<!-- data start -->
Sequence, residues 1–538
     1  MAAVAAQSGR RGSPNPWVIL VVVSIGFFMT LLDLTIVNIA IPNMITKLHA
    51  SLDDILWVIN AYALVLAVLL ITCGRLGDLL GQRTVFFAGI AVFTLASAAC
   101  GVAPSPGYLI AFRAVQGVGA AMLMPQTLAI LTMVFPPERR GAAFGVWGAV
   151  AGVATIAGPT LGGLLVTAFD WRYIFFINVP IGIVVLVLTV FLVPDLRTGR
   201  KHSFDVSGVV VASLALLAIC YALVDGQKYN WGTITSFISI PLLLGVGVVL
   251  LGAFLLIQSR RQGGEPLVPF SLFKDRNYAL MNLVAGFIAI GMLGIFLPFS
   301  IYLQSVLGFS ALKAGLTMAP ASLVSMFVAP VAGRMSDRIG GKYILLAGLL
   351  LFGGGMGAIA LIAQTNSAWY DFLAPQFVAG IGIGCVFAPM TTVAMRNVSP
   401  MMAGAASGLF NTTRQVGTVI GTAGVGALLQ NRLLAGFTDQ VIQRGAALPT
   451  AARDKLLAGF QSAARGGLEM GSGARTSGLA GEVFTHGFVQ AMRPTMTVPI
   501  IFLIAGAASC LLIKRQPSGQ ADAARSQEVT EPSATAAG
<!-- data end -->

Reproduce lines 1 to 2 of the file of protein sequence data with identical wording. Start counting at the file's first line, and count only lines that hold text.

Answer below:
Sequence, residues 1–538
     1  MAAVAAQSGR RGSPNPWVIL VVVSIGFFMT LLDLTIVNIA IPNMITKLHA